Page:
Credibility in the art of research
In this the age of information it becomes harder for students to navigate their way through the plethora of information at their fingertips. Students need to develop their skill of evaluating everything they read with a contingent of questions in mind. Evaluating skills can be sorted into five base areas.
Authority: Who is the author and can they be contacted? Does this author or even publisher have a reputable background?
Purpose: Is the information relevant to the research needs? Is the information trying to sell you something and demonstrate specific advertising?
Objectivity: Is the information trying to persuade the reader in some way? Is the information biased? Can this opinion be balanced with an alternative opinion? Can the author be trusted?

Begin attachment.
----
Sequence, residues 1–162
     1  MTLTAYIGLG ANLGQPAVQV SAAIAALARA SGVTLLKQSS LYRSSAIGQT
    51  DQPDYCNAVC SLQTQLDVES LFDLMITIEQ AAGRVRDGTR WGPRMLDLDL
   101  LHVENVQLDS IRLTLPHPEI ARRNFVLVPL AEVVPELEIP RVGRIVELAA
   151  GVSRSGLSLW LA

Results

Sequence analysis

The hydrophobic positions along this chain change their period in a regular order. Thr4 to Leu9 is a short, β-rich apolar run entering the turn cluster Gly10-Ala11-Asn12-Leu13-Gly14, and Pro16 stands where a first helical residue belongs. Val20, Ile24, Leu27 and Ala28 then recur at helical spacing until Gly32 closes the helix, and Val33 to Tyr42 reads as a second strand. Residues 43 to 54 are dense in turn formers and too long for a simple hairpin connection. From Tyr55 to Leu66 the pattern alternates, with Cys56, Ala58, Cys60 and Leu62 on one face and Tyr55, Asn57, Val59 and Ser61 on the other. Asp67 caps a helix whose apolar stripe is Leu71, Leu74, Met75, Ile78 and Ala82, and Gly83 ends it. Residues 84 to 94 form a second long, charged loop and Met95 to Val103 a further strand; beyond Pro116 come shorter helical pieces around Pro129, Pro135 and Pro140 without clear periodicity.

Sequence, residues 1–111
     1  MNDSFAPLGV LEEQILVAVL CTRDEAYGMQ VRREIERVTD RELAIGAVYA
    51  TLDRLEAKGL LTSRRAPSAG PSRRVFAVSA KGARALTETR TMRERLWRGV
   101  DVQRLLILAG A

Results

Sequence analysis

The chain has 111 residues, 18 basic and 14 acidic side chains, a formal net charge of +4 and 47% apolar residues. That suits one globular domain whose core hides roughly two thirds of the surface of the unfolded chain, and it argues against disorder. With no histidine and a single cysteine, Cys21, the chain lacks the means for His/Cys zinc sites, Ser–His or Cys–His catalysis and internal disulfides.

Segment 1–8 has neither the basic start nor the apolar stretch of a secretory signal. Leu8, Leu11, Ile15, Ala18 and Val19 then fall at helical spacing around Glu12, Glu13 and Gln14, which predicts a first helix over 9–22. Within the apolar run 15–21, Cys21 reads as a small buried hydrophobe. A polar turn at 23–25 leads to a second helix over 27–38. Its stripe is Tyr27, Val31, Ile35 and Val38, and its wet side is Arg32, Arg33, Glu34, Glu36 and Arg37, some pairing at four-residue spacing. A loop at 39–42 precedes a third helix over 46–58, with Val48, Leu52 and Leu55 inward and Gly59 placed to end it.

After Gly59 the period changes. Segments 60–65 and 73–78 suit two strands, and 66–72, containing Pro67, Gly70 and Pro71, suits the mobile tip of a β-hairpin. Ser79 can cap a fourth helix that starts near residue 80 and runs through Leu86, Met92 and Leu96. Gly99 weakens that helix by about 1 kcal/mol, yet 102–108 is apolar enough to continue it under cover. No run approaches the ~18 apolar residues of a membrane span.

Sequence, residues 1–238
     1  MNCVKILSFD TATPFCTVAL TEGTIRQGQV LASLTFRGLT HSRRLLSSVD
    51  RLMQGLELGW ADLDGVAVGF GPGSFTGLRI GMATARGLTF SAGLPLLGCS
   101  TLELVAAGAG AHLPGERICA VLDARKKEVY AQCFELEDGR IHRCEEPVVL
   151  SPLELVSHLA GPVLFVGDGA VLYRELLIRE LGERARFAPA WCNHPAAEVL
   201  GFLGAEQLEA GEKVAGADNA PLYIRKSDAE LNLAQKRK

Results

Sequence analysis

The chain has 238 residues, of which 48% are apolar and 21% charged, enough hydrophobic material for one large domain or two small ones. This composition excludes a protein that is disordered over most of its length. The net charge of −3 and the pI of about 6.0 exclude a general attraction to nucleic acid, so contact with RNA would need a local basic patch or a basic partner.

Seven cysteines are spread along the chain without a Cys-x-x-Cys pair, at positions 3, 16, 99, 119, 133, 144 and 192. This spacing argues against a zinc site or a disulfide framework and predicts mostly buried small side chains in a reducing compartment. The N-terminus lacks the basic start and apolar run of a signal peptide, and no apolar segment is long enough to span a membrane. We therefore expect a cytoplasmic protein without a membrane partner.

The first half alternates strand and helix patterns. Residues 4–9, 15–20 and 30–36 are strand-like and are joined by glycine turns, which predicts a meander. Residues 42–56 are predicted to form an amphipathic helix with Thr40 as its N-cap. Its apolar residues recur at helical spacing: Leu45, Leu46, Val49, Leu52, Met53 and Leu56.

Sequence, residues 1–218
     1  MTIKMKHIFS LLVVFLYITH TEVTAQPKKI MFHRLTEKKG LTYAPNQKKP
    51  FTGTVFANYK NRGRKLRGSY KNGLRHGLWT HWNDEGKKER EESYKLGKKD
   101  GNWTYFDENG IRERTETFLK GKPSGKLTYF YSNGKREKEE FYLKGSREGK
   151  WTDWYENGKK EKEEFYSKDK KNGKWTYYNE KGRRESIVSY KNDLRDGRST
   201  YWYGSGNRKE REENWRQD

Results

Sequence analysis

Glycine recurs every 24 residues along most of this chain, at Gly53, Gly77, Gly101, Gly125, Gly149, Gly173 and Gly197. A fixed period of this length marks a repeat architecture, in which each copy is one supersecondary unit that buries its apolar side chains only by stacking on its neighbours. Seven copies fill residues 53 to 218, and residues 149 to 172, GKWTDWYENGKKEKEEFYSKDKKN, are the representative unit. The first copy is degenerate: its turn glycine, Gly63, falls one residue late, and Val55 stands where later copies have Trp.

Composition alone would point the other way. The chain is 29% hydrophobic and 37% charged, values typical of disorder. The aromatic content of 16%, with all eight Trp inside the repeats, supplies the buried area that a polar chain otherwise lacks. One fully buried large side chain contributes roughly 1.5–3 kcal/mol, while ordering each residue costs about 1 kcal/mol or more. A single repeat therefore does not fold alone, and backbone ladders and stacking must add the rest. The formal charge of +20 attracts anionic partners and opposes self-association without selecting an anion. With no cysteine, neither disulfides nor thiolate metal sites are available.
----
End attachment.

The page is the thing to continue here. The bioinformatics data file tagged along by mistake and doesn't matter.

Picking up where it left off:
Accuracy: Does the information appear in keeping with other research undertaken? Are there mistakes in grammar, spelling or Photoshopped images? Are any links or suggested further reading outdated and not maintained? Are facts and figures referenced for further clarification?
Currency: Is the research/article up-to-date?
By keeping just a few of these types of questions in mind when reading research materials, students develop the skills of being able to discern fake material and become avid researchers.
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